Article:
The article and study discuss how the genome for male, worker, and queen bees are extremely similar and the differentiation between the roles depends on which genes are activated thought the bee's lifetime. ("The findings suggest that differentiation is not caused by inherited genetic difference, as is typical of most species of animal, meaning that males, which hatch from unfertilized eggs, are genetically very similar to their sisters.") Although the bees are hatched with some slight determination of what their role will be, the events in the lives can change this predisposition and cause certain genes to activate. The behavior and physiology of the male and queen bees hardly overlap. What I found interesting was "the differentiation between the castes in bees is similar to cell differentiation in humans."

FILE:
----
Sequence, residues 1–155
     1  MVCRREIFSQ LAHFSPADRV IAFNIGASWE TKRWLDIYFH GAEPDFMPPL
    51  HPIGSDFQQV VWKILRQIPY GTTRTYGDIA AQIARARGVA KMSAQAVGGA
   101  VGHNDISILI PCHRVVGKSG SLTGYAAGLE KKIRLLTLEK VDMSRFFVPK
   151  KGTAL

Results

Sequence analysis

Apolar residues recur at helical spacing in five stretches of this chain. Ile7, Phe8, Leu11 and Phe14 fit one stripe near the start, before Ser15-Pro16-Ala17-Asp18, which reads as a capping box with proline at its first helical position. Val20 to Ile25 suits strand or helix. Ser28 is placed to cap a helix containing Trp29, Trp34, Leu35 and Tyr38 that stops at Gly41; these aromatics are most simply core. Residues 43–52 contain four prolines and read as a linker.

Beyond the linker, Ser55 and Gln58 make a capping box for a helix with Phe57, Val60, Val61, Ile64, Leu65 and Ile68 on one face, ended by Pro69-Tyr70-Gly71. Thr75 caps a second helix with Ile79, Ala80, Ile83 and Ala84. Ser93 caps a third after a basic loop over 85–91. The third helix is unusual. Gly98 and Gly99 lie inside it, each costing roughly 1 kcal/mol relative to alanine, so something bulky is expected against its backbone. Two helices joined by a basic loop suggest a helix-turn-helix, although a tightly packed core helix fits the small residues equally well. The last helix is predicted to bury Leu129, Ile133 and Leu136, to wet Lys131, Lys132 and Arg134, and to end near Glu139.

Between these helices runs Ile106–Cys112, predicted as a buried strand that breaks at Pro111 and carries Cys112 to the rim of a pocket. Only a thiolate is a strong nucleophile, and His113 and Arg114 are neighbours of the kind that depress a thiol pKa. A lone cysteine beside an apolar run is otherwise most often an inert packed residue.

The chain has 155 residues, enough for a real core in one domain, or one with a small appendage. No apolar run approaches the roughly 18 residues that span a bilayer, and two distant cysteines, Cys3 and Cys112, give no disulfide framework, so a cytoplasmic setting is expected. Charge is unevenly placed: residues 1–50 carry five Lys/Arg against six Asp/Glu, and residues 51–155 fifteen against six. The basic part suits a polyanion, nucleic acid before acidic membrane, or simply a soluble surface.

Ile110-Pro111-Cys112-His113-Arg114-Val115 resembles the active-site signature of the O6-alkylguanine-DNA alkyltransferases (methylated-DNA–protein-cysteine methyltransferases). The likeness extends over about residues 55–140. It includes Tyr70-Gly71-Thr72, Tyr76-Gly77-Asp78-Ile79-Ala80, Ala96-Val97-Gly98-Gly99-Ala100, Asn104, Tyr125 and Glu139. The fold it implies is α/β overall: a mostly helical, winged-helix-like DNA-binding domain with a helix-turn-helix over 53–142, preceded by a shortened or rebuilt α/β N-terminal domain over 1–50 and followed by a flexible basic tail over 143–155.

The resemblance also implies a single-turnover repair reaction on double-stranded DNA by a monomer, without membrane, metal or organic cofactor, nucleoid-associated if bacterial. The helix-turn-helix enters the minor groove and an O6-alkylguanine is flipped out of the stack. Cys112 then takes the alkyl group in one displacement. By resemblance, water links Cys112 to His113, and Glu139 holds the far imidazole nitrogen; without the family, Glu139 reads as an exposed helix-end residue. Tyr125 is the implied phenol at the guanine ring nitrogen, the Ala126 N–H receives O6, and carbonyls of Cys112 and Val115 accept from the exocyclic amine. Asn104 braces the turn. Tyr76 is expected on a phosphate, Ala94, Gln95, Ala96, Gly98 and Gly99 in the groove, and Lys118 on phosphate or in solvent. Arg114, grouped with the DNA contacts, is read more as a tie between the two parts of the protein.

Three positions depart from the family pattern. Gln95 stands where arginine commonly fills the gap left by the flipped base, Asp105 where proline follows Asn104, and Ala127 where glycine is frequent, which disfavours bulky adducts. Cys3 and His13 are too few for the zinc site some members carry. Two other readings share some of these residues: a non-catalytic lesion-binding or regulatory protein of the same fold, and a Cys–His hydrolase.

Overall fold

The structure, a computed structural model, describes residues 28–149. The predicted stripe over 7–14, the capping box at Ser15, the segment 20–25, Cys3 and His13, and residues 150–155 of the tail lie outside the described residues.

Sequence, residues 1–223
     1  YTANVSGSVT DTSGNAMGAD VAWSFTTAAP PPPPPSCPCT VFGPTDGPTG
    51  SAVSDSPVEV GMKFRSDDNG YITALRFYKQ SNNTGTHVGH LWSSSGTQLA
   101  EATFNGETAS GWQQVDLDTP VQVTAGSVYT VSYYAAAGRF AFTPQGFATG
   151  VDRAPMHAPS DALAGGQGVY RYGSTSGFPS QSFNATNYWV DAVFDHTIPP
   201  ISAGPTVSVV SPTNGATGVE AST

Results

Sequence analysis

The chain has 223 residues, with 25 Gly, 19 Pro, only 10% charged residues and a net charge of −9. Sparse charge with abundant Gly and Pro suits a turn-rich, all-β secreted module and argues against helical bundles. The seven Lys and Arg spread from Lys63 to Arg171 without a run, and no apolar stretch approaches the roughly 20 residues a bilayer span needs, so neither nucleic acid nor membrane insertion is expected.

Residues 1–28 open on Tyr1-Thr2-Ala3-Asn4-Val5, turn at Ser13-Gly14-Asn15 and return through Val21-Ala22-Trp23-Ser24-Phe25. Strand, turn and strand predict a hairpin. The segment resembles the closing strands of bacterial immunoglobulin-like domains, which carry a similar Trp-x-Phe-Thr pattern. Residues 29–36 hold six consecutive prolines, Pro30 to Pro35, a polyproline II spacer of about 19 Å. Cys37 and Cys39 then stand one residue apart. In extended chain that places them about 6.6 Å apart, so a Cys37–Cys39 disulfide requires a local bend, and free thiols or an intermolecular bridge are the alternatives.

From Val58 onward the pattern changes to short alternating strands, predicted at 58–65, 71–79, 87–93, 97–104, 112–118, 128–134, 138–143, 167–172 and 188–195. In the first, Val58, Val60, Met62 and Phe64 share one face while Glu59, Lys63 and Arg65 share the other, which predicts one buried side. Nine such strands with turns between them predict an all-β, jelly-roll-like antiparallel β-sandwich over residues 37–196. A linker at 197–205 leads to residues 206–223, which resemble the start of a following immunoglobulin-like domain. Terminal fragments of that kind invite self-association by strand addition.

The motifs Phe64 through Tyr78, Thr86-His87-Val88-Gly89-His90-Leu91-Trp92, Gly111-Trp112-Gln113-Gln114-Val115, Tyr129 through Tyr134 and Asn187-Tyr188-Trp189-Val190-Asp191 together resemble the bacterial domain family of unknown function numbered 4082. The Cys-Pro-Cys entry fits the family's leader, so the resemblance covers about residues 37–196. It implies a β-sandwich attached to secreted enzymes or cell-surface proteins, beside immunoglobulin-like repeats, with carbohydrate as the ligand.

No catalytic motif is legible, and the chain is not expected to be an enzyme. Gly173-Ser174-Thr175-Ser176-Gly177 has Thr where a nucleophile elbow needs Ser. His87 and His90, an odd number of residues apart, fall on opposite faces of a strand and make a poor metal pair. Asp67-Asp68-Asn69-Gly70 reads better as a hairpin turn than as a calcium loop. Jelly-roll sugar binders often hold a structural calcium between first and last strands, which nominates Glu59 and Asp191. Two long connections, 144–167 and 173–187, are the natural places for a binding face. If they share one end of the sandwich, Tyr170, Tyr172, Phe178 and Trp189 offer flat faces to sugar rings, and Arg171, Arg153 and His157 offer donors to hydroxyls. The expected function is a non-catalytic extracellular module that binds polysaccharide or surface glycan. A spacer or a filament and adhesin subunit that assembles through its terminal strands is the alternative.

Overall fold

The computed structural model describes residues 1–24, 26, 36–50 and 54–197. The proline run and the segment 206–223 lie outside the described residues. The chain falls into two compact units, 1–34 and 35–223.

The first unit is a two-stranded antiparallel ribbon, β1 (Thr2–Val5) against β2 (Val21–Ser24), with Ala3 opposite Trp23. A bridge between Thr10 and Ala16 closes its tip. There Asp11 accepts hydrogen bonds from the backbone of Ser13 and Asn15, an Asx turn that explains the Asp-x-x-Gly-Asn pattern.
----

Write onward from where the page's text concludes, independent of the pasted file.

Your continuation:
the buff tailed bumblebee (used in the study)